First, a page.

Procter & Gamble wants to cut a whopping $2 billion in marketing spending over five years, and for the first time is providing details on a broader $10 billion cost-cutting plan launched a year ago.
That marketing spending cut comes amid a fiscal third-quarter earnings report where the company missed on sales-growth expectations and lost market-share in developing markets despite hiking ad spending.
While the cost cuts were the biggest takeaway, P&G also outlined how it plans to become “irresistibly superior” in the eyes of consumers.
First, those massive cuts: They include $1 billion or more in media and around $500 million in agency fees, which comes on top of $600 million of cuts in prior years that reduced P&G’s spending there to around $1.4 billion annually. A spokeswoman said this doesn’t necessarily mean P&G’s spending on creative costs will fall under $1 billion a year, given growth that may otherwise occur.
P&G also outlined $12 billion to $13 billion in overall savings that are “risk adjusted” down to $10 billion in case some aren’t realized. And some savings in other areas – including $7 billion in material, packaging, production and transportations costs — will likely be reinvested in marketing. So there are many moving parts.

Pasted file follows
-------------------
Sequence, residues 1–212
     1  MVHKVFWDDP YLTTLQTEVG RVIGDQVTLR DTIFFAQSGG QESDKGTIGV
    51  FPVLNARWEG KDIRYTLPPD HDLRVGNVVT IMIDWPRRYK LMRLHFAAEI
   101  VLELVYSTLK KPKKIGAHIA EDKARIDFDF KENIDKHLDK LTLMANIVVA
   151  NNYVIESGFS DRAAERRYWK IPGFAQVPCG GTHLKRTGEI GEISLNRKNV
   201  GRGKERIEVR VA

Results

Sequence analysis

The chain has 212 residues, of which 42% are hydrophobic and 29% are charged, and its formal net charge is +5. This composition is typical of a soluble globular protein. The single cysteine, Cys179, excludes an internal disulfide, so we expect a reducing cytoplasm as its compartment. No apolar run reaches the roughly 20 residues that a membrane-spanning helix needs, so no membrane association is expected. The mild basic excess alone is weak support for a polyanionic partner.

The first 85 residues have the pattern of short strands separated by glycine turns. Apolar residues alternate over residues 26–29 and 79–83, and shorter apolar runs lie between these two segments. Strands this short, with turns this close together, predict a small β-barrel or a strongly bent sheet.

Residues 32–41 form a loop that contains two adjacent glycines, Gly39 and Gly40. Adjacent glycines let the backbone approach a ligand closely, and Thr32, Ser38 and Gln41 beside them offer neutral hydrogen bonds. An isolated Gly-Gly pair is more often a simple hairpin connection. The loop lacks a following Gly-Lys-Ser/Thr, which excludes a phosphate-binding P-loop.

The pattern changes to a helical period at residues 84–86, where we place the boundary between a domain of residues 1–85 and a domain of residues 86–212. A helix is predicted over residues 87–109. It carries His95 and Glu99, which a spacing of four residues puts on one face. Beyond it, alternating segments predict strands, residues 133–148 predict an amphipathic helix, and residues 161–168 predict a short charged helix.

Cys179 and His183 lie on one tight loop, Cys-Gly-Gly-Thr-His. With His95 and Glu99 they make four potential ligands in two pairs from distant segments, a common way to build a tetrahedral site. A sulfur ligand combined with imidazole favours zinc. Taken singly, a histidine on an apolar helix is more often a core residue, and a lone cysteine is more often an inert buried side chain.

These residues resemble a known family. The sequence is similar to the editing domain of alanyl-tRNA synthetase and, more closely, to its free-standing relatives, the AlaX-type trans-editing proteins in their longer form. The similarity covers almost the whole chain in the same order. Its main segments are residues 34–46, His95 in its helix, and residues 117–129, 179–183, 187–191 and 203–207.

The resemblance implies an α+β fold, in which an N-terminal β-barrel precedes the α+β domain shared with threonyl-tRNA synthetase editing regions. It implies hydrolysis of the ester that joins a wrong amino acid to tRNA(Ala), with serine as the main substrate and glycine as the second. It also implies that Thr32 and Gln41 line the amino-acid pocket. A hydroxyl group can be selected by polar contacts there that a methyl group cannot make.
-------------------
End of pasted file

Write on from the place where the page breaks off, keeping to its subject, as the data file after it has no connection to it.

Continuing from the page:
“We see over $2 billion in savings opportunities in marketing spending, with half or more coming from media rates or eliminating supply-chain waste,” said P&G Chief Financial Officer Jon Moeller on the company’s earnings call Wednesday. “We’re targeting up to half a billion more from reducing agency fees and ad-production costs. And we see about half a billion in sales from in-store materials, direct-to-consumer programs, and improved efficiencies in trial and sampling programs.”
As with agency fees, the company isn’t projecting exactly what media spending will be five years out – just that it can squeeze $1 billion or more out of the system. That will come at least partly through the tougher stand Chief Brand Officer Marc Pritchard outlined in January on reforming the digital media supply chain.
The cuts come with P&G in the midst of a comprehensive review of agency contracts and compensation, including reducing duplication of staffing and services on the client and agency sides.